cut out the four eggcup templates using scissors. I drilled
a hole in the center through all four at once, then used the
scroll saw to cut out the circle for the egg. The two pieces
fit together simply, no glue, nails or clamping required.
I thought of printing some more, but first wanted to turn
the design into a postcard. This way, the recipients would
have a novel wooden Easter card that they could cut and put
together themselves. This would give them a fun holiday project
and a nice wooden eggcup in the end.
eggcup pieces, ready for assembly.
potential uses for this technique include printing digital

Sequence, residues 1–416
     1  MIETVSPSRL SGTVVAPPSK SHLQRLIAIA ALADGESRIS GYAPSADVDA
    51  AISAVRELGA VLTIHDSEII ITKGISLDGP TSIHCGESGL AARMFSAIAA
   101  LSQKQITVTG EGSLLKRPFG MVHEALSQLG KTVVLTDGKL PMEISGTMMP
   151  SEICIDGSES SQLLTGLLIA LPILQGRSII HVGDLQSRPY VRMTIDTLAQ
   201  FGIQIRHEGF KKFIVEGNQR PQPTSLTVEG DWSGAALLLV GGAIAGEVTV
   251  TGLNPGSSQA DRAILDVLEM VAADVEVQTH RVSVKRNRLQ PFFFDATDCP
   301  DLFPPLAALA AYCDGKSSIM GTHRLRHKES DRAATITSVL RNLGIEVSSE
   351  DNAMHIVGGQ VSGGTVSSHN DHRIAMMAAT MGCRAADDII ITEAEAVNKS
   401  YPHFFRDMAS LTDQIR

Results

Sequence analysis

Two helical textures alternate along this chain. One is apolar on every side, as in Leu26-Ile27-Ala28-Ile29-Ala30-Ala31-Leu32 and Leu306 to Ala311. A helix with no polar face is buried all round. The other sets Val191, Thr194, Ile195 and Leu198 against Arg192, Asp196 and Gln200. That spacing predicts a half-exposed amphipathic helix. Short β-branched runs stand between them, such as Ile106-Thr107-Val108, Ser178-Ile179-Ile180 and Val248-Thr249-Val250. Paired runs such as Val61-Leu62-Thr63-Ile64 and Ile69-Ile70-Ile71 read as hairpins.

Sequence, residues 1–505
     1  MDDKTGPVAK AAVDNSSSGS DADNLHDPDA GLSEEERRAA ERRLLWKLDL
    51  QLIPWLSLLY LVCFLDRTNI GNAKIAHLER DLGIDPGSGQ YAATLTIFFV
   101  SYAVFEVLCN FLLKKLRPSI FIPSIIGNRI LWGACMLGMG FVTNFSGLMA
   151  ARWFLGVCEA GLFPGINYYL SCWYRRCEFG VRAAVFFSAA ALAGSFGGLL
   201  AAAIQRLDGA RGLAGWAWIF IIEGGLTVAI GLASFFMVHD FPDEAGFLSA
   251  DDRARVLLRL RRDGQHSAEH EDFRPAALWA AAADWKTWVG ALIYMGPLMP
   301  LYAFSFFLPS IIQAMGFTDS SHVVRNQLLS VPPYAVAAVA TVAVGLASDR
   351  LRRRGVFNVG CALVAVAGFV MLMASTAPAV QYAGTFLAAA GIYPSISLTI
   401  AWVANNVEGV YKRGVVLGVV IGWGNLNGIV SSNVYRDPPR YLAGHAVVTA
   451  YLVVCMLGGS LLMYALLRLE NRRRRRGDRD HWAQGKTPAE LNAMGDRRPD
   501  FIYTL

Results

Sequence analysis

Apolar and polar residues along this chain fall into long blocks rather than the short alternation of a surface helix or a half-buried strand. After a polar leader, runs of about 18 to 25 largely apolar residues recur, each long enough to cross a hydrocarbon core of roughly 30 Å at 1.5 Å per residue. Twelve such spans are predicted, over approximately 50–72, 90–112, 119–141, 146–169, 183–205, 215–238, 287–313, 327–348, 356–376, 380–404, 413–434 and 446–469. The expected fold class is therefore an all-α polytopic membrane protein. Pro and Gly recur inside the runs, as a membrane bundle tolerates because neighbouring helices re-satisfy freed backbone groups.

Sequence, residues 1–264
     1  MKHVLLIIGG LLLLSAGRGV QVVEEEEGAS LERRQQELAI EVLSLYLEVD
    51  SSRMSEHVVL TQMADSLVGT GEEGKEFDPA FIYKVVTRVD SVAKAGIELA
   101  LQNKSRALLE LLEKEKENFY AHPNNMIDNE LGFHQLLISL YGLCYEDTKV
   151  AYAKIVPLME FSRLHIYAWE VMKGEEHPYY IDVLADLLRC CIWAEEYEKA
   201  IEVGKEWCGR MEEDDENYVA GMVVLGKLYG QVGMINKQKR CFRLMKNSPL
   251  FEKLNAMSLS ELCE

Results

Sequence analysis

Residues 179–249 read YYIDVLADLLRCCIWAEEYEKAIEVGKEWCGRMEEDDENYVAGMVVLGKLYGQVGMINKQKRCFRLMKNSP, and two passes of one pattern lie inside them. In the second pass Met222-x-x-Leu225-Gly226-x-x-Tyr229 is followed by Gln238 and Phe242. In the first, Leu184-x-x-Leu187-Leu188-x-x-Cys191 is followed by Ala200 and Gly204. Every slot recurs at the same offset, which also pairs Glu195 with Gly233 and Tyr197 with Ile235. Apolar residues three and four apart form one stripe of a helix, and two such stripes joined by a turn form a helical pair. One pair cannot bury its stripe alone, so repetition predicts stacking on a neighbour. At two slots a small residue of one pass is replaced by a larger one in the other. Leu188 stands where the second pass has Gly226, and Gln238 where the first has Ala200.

or scanned photographs on the wood. You could use a photo-editing
program to put borders around the photos; these borders would
make for built-in frames ready for cutting to size. You could
also use this method to create doll house furniture. Finally,
if you are a train modeler, you could take a digital picture
of a building you want to include in the set (maybe your own
house) and then print your own building kit.
The printing is not very sharp, so it is best to use fairly
coarse detail. I used my Epson® printer for this experiment
and I have used it since with no ill effects noticed. I'm
sure that there are other printer models that will work better;
maybe some that have a straight-feed option for cardboard
in which the rear opens up to allow the wood to be fed in
without having to bend it. Other printers may not work at
all. I don't think I broke my printer, but at the same time,
I cannot guarantee that it will not break yours, so please